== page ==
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The Met's New Rigoletto - Is It Ok To Tamper With An Opera ?

   The Metropolitan opera has premiered its eagerly awaited new production of Verdi's  grim but beloved masterpiece Rigoletto , and the reviews are mixed, as usual .  The controversy lies in the production , which has been much ballyhooed  since it was first announced last year . The opera is set in 16th century Mantua,Italy  in case you're not familiar with it (and you definitely should get to know it if not) , and  is the sordid and tragic tale of a handsome but  licentious Duke and his  bitter  and cynical  court Jester Rigoletto , who  is deathly afraid that  the Duke will seduce his innocent young daughter  , whom he keeps  under close watch  .  He hates the Duke, and hires a  16th century hitman to  assasinate him , but  the whole  thing goes horribly wrong , and  the poor girl is not only seduced  ,but the hitman  betrays him  ... well, I won't give the story away . 

    As is  so common today , the  director and designer of the new production  have updated the action to  around 1960 in -  Las Vegas !  The Duke is now a  popular Vegas singer, and Rigoletto is a comedian  who is part of his act .  In  the original setting , the court at Mantua is just as  corrupt, licentious and decadent as  Las Vegas ,  and there's plenty of intrigue and  lust .  The court at Mantua becomes a  gaudy Las Vegas casino .

    Anthony Tommasini , chief music critic of the New York  Times  , had some reservations about the staging , but liked it on the whole .  James Jorden   of the New York Post ,  thought it was  lame and unconvincing .  I'll reserve judgment until I see it  on  a PBS telecast .  But  the production does not appear to be nearly as outrageous  as many European stagings of operas  since about the 1980s ,  which  have been downright bizarre, even  grossly perverse , with all kinds of  gratuitous sexnudity , gratuitous violence  and absurdly arbitrary gimmicks  . 

    The acclaimed German coloratura soprano Diana Damrau, who sings Rigoletto's  beautiful but naive daughter Gilda in the Met production ,recently  starred n a Munich production of the opera  where the characters were dressed as gorillas and chimpnzees !   Last year's Bayreuth production  of Wagner's Lohengrin, which takes place in  medieval  Belgium  , has the chorus  dressed in  costumes which deliberately make them look like rats !   What on earth does this have to do with  the knights and soldiers of medieval Belgium ?  The production of Parsifal, Wagner's last opera, which takes place in  the north of medieval Spain in the realm of the   knights who guard  the Holy Grail ,  features  a prop  on stage which  is  the  decaying body of a rabbit !  Much larger than a real rabbit, of course .  But why ?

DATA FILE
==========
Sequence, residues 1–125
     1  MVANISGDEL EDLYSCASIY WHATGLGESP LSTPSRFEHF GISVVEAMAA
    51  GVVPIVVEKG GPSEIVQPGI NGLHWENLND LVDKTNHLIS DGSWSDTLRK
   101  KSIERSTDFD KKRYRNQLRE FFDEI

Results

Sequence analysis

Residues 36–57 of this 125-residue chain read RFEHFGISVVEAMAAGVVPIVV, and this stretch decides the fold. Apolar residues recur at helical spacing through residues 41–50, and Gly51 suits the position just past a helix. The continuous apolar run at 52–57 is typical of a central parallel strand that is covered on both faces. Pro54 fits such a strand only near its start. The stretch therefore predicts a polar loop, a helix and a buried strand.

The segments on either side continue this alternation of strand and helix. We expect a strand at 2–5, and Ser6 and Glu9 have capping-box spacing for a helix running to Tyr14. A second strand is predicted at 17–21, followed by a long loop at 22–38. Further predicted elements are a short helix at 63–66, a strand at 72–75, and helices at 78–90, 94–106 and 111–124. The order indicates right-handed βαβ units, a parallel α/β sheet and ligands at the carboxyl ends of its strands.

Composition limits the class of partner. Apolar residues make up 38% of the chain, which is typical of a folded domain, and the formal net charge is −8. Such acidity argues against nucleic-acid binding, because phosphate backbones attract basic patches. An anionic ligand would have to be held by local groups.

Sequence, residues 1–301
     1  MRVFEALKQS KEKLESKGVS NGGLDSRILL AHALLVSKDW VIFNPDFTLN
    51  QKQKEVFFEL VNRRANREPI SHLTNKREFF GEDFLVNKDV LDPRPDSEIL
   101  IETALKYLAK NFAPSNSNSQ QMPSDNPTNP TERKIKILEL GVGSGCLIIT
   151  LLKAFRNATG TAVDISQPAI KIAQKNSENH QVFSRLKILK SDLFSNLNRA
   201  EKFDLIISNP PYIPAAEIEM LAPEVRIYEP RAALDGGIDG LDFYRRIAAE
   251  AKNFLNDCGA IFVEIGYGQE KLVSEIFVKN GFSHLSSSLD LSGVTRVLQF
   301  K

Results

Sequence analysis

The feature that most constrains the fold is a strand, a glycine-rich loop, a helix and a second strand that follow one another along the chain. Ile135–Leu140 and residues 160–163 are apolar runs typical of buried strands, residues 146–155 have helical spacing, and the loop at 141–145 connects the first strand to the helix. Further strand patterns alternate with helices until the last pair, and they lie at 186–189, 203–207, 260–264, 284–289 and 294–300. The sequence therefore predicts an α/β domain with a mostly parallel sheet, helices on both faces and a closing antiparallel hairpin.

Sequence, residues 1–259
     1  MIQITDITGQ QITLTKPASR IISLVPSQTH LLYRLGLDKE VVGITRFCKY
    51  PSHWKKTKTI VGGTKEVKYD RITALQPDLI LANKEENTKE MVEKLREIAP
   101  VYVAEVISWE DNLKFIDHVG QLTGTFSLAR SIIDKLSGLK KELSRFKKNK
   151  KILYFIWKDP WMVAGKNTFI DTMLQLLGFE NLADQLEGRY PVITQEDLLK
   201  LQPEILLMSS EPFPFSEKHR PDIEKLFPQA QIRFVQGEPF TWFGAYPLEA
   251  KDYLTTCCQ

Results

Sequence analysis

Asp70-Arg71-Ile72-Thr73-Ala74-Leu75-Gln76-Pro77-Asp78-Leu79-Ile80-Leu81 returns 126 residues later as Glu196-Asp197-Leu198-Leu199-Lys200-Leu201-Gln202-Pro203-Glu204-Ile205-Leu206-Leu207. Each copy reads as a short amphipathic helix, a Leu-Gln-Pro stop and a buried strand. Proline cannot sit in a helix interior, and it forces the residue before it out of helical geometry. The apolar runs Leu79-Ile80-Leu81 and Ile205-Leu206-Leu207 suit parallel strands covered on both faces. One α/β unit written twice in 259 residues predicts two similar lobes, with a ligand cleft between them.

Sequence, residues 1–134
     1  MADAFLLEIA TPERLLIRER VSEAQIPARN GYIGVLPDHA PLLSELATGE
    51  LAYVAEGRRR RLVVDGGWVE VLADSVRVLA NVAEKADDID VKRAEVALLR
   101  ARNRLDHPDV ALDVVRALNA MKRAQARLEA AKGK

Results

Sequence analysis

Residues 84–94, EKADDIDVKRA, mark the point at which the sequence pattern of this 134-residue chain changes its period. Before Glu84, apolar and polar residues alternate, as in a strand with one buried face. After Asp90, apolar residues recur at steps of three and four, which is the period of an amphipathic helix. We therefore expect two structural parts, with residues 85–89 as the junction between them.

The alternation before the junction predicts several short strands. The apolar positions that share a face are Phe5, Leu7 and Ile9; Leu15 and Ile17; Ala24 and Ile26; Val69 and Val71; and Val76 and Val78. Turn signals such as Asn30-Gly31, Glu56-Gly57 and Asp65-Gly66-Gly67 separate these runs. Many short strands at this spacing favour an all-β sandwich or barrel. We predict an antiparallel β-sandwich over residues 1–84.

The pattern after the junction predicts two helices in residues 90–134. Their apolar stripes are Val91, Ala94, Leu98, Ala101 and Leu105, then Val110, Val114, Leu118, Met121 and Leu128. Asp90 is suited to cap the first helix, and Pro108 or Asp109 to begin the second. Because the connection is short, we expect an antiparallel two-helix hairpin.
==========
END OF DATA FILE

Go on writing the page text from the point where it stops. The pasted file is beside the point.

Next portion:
The famous American theater and opera director Peter Sellars has staged Mozart's "The Marriage of Figaro", which takes place in an 18th century  Spanish  palace of a nobleman , in  New York's Trump tower , and the nobleman  is  a  blllionaire  tycoon !   Sellar's production of Mozart's "Don Giovanni" , which is set in 18th century Seville , is  set in  Spanish Harlem  among  pimps  and drug dealers !   Sheesh !

     Opera directors and designers have been vying with each other to create the most  outlandish  and perverse opera productions possiible . It's De Rigeur in Europe , and it seems that any  production team which  did a  traditional production set in the actual time and place of the opera would get booed off the stage today there, especially in Germany . 

    What is the point of all of this nonsense ?  It's known as  "Regietheater" in German , or  "director's theater " .  It also goes by the  name of "Eurotrash opera ".  In recent years,  there have also been  similar updated productions of  some of the Shakespeare plays ;  not too long ago, I saw a London production of Hamlet on PBS which  transferred the action of the opera to  what looked like the near future .  It didn't bother me too much , and  the  drama came through unscathed . 

    Fortunately, the Met  has  resisted the most  outrageous  staging  and visual gimmicks , and although critics might  justifiably have some reservations about  the productions ,  they have not been  ridiculous for the most part   .  The recent new production of Donoizetti's charming  bucolic  comic opera  "L'Elisir D'Amore (the elixir of love )  , which was telecast on  PBS just two weeks ago,is entirely traditional , and put  the opera in the original  early 19th century  setting  . Even the sets looked chamringly old-fashioned  , rather like something from the 1920s or 30s . 

    But several years ago,  the New York City opera, now  unfortunately struggling to  mainstain its existence ,  set the opera in  1960s America ,  and the characters were right out of  "Laverne and Shirley " on television .  The set evoked 60s  pop culture America . 

    Ultimately, what matters is whether the production works or not , or is  just a ridiculous collection of arbitrary gimmicks .  You have to take each production today on an indivisual basis . Sometimes it works, sometimes it doesn't .  You can get many of these  productions on DVD . Decide for yourself . 

Posted: Jan 30 2013, 11:38 PM by the horn | with no comments
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